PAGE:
Aishwarya Mohanty

The Government of Gujarat has, in the recent past, been enacting legislations with startling frequency in an attempt to make society safer and to deal with anti-social elements. In early September, an Ordinance was promulgated to widen the scope of the Gujarat Prevention of Anti-social Activities Act (PASA), 1985 (hereinafter “the PASA Act”). Gambling, cyber crimes, money lending offences and sexual offences were included as offences within the purview of the Act. This was subsequently passed in early October. The government of Gujarat also proposed the The Gujarat Goonda and Anti-social Activities (Prevention) Bill, 2020  (hereinafter “the Bill”) in late September. The Bill, which currently awaits Presidential assent, criminalises acts committed by “goondas” who are persons engaging in anti- social activities. Both instruments are draconian, show scant regard for safeguarding rights of accused persons and are generously endowed with problematic provisions which could have dangerous ramifications.

Despite the Supreme Court striking down the Central Provinces and Berar Goonda Act, 1946 in 1960, other state goonda legislations have been enacted and used across the country. Historically, these acts have been used as instruments of discrimination. The article argues that the widening of the scope of an instrument that has been arbitrarily used to preventively detain persons exacerbates its susceptibility for misuse by giving the executive greater opportunities to preventively detain offenders. The article also argues that the provisions in the Bill do not provide for minimum safeguards of the fair trial rights of accused persons, thereby increasing its propensity to be misused.

Goonda Acts as Tools of Oppression

Instances of misuse of goonda act have been aplenty, since the enactment of the first goonda legislation in Calcutta in 1923. Numerous instances have been documented where the goonda acts has been used to target certain unprivileged sections of the society or in an indiscriminate manner. Goonda acts, which are to be strictly used to detain habitual offenders, have been used to detain people with no criminal antecedents, including protestors. In the recent past, students participating in anti-CAA protests have also been booked under the goonda act. Examples of instances of blatant misuse of the goonda act should have prompted Gujarat legislators to adopt a cautious approach towards expanding the ambit of the existing legislation. 

Preventive detention under the PASA Act

Lack of basic safeguards

The PASA Act is a rather dangerous tool in the hands of authorities as it allows for preventive detention of offenders upto a year for a plethora of offences. Section 3 vests powers in the State Government to pass orders to preventively detain any person who may act in any manner that is “prejudicial to the maintenance of public order.” A person is said to be acting prejudicial to the maintenance of public order when  they “engage in or make preparations for engaging in activities whether as a bootlegger or common gambling house paper or and person or dangerous person or drug offender or immoral traffic offender or property grabber, which affect adversely or are likely to affect adversely the maintenance of public order,” which are offences  defined under Section 2 of the Act.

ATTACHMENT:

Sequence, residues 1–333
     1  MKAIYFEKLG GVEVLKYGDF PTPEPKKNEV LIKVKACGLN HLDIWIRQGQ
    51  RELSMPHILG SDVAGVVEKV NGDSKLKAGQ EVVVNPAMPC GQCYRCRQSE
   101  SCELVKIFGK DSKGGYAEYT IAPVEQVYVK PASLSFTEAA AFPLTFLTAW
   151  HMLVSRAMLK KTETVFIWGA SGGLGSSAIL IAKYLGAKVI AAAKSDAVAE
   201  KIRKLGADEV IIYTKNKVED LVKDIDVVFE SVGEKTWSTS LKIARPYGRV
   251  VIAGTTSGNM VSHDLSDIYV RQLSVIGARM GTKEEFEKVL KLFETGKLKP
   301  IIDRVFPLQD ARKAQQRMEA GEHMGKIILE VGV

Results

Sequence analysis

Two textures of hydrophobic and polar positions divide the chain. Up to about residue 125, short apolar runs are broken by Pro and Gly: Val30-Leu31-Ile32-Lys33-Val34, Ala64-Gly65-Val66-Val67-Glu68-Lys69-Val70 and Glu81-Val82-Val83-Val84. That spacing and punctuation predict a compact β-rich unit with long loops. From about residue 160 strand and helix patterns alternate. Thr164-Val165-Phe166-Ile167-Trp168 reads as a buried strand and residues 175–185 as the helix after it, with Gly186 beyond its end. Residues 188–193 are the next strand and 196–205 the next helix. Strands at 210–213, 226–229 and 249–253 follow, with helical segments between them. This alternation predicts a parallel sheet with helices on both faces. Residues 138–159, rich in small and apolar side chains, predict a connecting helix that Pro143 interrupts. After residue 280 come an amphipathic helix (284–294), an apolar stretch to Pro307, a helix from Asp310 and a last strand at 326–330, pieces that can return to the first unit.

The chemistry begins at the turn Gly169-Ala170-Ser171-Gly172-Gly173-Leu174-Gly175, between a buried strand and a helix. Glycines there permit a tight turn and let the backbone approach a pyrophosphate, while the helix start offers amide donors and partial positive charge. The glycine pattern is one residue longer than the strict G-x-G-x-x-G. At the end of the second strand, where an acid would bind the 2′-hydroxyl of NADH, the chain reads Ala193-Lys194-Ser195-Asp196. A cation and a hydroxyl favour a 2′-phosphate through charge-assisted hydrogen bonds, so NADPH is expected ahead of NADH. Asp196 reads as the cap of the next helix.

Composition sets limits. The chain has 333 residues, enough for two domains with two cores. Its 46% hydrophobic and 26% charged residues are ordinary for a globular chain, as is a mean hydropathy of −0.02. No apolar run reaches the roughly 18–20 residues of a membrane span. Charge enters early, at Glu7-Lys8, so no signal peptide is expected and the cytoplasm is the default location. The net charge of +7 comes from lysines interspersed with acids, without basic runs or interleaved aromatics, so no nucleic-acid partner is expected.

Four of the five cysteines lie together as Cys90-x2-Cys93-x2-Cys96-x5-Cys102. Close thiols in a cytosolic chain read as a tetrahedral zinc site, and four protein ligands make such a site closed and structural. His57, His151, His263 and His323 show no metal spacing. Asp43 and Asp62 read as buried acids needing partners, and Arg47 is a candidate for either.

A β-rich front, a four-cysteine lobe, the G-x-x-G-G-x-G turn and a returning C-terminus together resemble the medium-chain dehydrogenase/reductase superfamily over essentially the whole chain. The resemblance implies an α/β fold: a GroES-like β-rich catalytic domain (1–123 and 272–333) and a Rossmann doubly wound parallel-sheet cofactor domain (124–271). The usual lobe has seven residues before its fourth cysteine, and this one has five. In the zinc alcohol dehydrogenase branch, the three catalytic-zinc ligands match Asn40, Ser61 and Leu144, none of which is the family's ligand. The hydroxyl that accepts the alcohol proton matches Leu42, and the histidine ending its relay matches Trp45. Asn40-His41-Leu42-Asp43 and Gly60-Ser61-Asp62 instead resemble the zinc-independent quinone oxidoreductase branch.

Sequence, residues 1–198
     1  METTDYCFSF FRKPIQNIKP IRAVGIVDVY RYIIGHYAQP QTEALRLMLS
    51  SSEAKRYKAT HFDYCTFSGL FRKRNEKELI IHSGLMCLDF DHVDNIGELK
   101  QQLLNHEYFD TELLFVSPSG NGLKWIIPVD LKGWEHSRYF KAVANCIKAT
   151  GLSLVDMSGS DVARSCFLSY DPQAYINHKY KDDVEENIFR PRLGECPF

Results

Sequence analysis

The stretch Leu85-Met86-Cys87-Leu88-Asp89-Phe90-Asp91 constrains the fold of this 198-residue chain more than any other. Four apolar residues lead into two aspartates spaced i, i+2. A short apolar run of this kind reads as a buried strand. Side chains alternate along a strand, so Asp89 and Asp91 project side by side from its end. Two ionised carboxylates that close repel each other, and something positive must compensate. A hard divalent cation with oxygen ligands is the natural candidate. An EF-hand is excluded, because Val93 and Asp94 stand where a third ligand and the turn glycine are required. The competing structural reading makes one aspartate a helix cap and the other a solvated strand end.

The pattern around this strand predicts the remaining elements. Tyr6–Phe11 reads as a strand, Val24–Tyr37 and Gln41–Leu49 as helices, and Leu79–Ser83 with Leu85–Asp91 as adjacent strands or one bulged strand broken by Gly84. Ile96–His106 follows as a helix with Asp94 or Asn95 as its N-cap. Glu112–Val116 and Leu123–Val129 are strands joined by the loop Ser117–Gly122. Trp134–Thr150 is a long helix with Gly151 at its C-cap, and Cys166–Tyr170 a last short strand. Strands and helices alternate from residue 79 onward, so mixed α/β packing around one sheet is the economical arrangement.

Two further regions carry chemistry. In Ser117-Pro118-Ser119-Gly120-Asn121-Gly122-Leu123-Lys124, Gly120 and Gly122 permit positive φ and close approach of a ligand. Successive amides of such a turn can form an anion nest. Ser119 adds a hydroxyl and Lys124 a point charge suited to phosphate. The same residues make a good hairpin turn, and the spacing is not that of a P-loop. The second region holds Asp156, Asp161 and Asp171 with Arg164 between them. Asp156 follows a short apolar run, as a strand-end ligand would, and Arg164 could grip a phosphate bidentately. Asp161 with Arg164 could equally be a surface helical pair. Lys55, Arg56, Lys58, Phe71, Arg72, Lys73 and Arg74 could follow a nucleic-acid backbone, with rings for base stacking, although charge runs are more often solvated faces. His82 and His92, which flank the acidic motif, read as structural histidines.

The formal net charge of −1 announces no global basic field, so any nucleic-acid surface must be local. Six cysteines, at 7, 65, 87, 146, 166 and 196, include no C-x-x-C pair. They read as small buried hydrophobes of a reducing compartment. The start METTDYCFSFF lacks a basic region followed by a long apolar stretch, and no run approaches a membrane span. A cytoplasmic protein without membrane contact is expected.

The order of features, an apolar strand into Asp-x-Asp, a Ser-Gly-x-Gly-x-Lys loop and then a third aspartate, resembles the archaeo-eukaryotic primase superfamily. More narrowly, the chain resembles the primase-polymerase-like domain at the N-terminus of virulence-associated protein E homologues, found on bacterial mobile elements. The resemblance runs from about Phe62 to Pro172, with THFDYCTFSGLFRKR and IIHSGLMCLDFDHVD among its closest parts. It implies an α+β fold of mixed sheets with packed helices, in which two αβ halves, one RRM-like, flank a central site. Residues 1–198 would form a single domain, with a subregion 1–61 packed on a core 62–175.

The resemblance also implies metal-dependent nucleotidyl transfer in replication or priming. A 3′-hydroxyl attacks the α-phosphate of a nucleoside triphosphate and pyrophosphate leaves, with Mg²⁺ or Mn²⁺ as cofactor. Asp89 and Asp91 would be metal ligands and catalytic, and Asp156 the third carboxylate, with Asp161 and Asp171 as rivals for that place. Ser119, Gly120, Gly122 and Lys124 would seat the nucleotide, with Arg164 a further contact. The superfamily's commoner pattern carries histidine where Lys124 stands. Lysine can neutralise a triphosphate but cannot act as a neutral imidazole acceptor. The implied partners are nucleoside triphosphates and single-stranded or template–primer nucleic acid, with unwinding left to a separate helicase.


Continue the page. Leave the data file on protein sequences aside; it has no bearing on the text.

Many acts similar to Gujarat’s PASA make the requirement of the offender being a habitual one explicit and lay down qualifications for who may be considered to be a habitual offender. For instance, under Rajasthan’s law, the word habitual “includes acts or omissions committed repeatedly, persistently and frequently having a thread of continuity stringing together similar repetitive acts or omission but shall not include isolated, individual and dissimilar acts or omissions.” The Supreme Court has interpreted the phrase “habitually commits” to mean a thread of continuous acts which must be repeated and persistent and not individual or isolated. The necessity of the offender being a habitual one acts as a safeguard to ensure that first time or isolated offenders are not arrested. The PASA Act has no such safeguards. Section 3 in the empowers the executive to detain offenders does not explicitly mention that the detenues must be “habitual” offenders, potentially allowing the executive to detain offenders with no prior criminal antecedents. Section 2, which lists certain offences for which offenders may be preventively detained, mentions the word “habitual” for a few such inclusions and not all. The absence of such minimal safeguards makes the scope of detention under the PASA Act wide while also making it an easy tool for misuse.

Test for determining necessity of a detention order

In Rekha v. State of Tamil Nadu, the Supreme Court discussed when a detention order may be passed. It held that orders for preventive detention would be deemed to be illegal if recourse to criminal proceedings would be sufficient to deal with the alleged acts. In case a person is ordinarily liable to be tried or is being tried under any other penal provision for committing the offence, but the penal statute would be unable to deal with the situation, only then could the statute permitting preventive detention be taken recourse to. In the aforesaid case, the detenue had been detained for selling expired medicines under fake labels. The Court held that the order of detention was illegal and that the offence could be tried under the Indian Penal Code and the Drugs and Cosmetics Act.